Stunt Rock (1978)
|Year Of Production||1978|
|Running Time||91:29 (Case: 86)|
|RSDL / Flipper||RSDL (63:51)||Cast & Crew|
|Region Coding||4||Directed By||Brian Trenchard-Smith|
Monique van de Ven
|Pan & Scan/Full Frame||None||
English Dolby Digital 2.0 (224Kb/s)
English Audio Commentary Dolby Digital 2.0 (224Kb/s)
|Widescreen Aspect Ratio||2.35:1|
|Video Format||576i (PAL)|
|Original Aspect Ratio||2.35:1||Miscellaneous|
|Annoying Product Placement||No|
|Action In or After Credits||No|
Stunt Rock. The title says it all really, although there should probably be the word "and" in the middle.
The film plays out like a movie version of the "clip shows" that TV viewers have frustrated TV viewers over the years. In this case, rather than disjointed clips of their favourite TV show, the viewer is presented with legendary Australian stuntman Grant Page's favourite stunts juxtaposed with concert clips from the ridiculous prog rock band Sorcery, whose on stage magic tricks (including the "old knives through the box" trick and numerous "disappearing man" tricks) and pyrotechnics are infinitely more noteworthy than their clunky rock numbers.
The stunts are a a mixture of those from other films (such as the legendary cliff jump from Mad Dog Morgan), some recorded specifically for this film, and stock footage of a few live exhibitions (including a spectacular, human catapult over The Gap). Most feature Grant Page performing or choreographing the stunts, others are completely unrelated (including several minutes of footage from the original Gone in Sixty Seconds' epic car chase, introduced with the throw off comment "Have you seen Gone in Sixty Seconds?!").
A loose plot is weaved around the whole affair. Aussie stuntman Grant Page leaves for LA, amidst a mountain of hero worship, to be the lead stuntman on a new Hollywood TV show. In Los Angeles he hangs around with his musician cousin's band and is hero worshipped by a hot young news reporter (Margaret Gerard) and the feisty young star of the TV show (Monique van de Ven, who is probably best known for leading in Paul Verhoeven's early films). OK, maybe calling it a plot is a bit generous.
Stunt Rock reeks of the 1970s and cheap exploitation, but exudes a positive attitude rather than the grim menace of its contemporaries. Anyone that thinks this sounds like a good thing would do well to check it out for their next retro fix, but don't expect it to stand up to repeat viewings. Fans of bone-crunching pre-CGI stunts will get a kick out of it too. Anyone really serious about stunt work will probably put it on high-rotation. If none of this sounds like your cup of tea, Stunt Rock is most assuredly not for you.
The film is presented in a 2.35:1 aspect ratio and is 16x9 enhanced.
The video looks very good considering its age, low-budget production and the amount of stock footage in there.
The image is clear, though a little soft throughout. Some of the stock footage looks noticeable softer and grainier than the main feature, which should come as little surprise. There is excellent shadow detail in the video, particularly during the numerous concert scenes.
The colours are rich and bold throughout the film, and appear to have been impressively preserved.
There are no noticeable compression artefacts in the video. Film artefacts have been kept to a minimum, with only the odd fleck of dust or reel change marker evident.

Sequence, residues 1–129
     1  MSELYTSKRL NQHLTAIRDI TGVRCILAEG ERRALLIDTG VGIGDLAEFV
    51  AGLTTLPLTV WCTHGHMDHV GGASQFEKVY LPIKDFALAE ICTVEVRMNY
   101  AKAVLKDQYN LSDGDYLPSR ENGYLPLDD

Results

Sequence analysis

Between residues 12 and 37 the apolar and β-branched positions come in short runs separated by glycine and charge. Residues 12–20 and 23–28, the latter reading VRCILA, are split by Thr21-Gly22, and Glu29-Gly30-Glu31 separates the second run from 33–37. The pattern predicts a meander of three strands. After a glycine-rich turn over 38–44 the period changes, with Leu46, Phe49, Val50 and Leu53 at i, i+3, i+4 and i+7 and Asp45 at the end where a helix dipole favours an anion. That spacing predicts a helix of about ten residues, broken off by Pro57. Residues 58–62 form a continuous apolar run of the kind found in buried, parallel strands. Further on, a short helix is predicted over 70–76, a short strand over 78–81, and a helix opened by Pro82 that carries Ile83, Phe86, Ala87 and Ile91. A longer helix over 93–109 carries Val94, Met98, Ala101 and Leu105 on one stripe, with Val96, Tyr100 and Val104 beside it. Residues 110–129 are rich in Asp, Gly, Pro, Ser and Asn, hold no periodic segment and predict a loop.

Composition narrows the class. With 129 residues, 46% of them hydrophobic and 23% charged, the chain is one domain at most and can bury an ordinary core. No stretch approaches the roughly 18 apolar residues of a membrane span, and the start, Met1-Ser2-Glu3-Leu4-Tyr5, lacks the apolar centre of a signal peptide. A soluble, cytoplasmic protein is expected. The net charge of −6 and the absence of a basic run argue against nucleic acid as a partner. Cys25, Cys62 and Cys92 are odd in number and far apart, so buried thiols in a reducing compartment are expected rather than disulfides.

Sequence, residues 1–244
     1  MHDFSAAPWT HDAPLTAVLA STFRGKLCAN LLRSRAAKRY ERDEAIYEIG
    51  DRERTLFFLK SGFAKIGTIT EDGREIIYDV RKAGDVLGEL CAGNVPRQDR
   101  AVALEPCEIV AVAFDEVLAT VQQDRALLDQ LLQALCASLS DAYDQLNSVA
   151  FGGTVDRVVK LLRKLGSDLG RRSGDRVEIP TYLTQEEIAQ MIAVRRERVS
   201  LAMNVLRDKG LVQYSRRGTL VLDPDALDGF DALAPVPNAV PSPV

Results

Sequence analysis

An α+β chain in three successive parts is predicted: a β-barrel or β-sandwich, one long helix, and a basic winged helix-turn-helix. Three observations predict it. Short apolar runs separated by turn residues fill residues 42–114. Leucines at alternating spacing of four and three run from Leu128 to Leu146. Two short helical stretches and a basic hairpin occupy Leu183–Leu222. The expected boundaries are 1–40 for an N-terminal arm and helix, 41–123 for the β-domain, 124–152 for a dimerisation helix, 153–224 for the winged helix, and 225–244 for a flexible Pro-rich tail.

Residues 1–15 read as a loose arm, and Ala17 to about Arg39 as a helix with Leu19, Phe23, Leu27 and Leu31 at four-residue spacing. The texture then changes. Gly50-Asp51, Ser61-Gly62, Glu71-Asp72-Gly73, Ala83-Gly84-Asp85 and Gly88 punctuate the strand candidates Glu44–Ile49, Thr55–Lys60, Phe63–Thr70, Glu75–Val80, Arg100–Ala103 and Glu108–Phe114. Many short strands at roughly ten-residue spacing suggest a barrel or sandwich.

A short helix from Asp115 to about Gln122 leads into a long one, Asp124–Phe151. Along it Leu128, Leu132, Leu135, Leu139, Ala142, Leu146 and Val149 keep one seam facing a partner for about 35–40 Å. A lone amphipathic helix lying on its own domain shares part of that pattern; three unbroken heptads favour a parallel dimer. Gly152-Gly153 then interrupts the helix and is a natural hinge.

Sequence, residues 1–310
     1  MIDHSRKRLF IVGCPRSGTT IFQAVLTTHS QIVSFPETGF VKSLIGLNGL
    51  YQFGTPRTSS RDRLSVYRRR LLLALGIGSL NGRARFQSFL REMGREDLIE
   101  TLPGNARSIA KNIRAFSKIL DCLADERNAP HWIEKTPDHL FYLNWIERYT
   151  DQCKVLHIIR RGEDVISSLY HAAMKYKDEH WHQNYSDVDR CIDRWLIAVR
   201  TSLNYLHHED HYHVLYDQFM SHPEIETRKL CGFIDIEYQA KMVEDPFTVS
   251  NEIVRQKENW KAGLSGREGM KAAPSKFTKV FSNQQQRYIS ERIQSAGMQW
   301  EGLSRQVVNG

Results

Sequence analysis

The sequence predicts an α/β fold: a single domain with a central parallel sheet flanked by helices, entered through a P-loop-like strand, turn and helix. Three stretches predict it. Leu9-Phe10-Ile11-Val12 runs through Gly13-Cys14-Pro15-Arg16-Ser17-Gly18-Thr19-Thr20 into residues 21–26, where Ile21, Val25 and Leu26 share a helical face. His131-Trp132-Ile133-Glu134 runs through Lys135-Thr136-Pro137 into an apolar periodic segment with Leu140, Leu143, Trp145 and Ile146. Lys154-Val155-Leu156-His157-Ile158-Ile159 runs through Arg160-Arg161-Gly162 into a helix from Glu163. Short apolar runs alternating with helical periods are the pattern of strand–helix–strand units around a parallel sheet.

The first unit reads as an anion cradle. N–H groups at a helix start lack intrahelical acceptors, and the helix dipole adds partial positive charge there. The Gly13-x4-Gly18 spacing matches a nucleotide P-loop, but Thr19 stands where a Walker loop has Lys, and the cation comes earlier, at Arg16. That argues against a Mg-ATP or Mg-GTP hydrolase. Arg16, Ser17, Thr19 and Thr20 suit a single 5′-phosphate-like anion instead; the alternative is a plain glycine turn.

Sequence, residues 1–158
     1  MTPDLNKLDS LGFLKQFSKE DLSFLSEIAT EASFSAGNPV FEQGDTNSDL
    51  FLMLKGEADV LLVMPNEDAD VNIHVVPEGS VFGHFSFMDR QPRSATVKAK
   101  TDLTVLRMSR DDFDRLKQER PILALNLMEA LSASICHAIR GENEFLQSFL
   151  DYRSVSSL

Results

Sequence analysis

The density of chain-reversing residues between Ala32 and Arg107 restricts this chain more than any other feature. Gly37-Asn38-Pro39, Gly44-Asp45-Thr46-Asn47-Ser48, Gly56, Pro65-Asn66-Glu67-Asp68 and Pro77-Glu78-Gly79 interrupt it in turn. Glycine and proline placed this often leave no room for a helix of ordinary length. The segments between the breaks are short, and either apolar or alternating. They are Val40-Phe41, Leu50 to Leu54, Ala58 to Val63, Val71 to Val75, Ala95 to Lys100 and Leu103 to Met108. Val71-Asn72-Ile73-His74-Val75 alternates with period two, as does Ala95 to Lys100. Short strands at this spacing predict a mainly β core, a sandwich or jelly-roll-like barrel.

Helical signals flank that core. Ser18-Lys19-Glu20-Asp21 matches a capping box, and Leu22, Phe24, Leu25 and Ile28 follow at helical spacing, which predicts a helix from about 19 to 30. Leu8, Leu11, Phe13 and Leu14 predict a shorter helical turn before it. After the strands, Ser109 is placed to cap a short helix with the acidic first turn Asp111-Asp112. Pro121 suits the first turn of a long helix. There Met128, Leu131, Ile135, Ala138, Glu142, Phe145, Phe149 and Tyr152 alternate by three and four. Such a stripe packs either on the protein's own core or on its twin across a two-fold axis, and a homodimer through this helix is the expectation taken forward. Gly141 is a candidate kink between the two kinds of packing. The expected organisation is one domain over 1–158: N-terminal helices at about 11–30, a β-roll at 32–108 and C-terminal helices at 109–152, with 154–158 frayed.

No subtitles are present for the feature.
This is a RSDL disc. The layer break occurs at 63:51 but was not noticeable on my equipment.
A single English Dolby Digital 2.0 (224 Kbps) audio track is present for the film.
The audio sounds decent given the limitations of the source material. The audio sounds mono (which would likely be true to the source material), but is cleanly mixed and well levelled. The dialogue is clear and easy to understand, but is frequently in wonky sync to the video (looking very much to have been cheaply overdubbed).
As cheesy as Sorcery's music is, it fits the material well and is presented well on the disc.
The subwoofer gets a bit of a workout from the bottom end of the soundtrack. There is no surround use.
|Surround Channel Use|
A nostalgic and reasonably interesting commentary, but one with a little much dead air.
Another Brian Trenchard-Smith stuntman feature (though a feature-length documentary rather than feature) from the late 1970s, presented full frame and surprisingly well restored. This one is introduces the viewer to a range of stunts, the stuntmen who do them and how they are done. Fascinating stuff
Brian Trenchard-Smith and his wife interview Perry Morris from Sorcery. An interesting, but overlong discussion.
A promo reel that was taken to the Cannes film festival to flog the film to distributors around the globe before its completion.
A "Rock" focussed trailer for the film.
Trailers for the completely unrelated Ushpizin, Ride The Whirlwind, Asterix: Mission Cleopatra and In the Shadow of the Moon follow an anti-piracy trailer.
An entertaining retro-fix for ozploitation fans, but not something that will cross to a more mainstream audience.
The video and audio are top notch, for older material. The extras are highly worthwhile.
|DVD||Sony Playstation 3, using HDMI output|
|Display||Samsung 116cm LA46M81BD. Calibrated with THX Optimizer. This display device is 16x9 capable. This display device has a maximum native resolution of 576i (PAL).|
|Audio Decoder||Pioneer VSX2016AVS. Calibrated with Video Essentials/Digital Video Essentials.|
|Speakers||150W DTX front speakers, 100W centre and 4 surround/rear speakers, 12 inch PSB Image 6i powered sub|